Hemphill: You saying that you don’t judge them leads me to something I feel is both your greatest strength as a filmmaker and the thing that deeply troubles some viewers, which is your fairly sophisticated approach to point of view. In most of your films you’re constantly shifting the identification figure – here in Knock Knock there’s that moment in the kitchen where suddenly Keanu is an asshole and we start taking sides with the girls, and in The Green Inferno the violence committed by the natives is positively horrifying yet also morally justified from their point of view. I suppose the ultimate manifestation of this idea is in Hostel: Part II, where you have this kind of bifurcated structure that gives equal time to the victims and the killers. It’s almost like a demented version of Jean Renoir’s philosophy that “everyone has their reasons.” Do you consciously set out to honor the perspectives of all of your characters, or is that just kind of an intuitive thing?
Roth: I love what Tarantino does, where he never judges his characters. There’s this bullshit concept that you have to make every character likable; it results in movies where no one is real, because everybody’s trying so hard to be politically correct and not create a character who someone might not like. My job is to write characters who are honest, and some people will like them and some people won’t. But my feeling is that there is no such thing as evil – everybody is doing it from their point of view. In The Green Inferno, when Aaron Burns is squealing as he’s getting killed so horribly, it should be upsetting to the audience, but at the same time, you can understand why it’s happening. The bulldozers are at the edge of the village, they’re ripping up the trees; the natives see the kids in construction uniforms because they’ve infiltrated the construction site, so to them the activists are invaders and they’re going to treat them that way. They see themselves as under attack and they’re going to send a strong message to defend themselves. And in the end, the question with Justine is whether she was really there to save the village, or was she just there to trend on Twitter?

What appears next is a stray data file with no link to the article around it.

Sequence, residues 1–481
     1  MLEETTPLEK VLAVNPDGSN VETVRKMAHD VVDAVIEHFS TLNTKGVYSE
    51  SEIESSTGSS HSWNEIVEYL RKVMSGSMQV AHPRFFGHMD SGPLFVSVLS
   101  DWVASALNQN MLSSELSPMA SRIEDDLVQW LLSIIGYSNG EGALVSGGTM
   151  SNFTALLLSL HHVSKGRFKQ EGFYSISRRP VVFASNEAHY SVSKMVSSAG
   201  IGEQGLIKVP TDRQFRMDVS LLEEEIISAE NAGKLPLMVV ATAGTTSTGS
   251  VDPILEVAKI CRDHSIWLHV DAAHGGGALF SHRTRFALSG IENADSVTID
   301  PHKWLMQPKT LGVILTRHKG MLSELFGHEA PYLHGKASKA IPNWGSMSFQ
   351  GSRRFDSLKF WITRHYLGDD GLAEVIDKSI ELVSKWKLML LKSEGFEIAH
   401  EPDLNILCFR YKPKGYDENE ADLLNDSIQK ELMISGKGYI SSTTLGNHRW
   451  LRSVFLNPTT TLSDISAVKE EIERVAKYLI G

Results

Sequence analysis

The girls in Knock Knock have had terrible things happen to them in their past – certainly some sort of abuse – and this is their way of proving to the world how shitty men are. Even if they have the ring on their finger and the family photos on the wall, they’re all the same – if you offer them the free pizza they’re going to take it. But then there’s also the “musical chairs” sequence early on, where I wanted the audience to see everything through Keanu’s eyes, and make the decisions with him. I love the idea that no one is a bad guy in their own mind. It probably comes from being Jewish and growing up hearing so much about the Nazis – you wonder how a whole country can get caught up in that. Once you lock into an ideology and commit to it, people are capable of anything.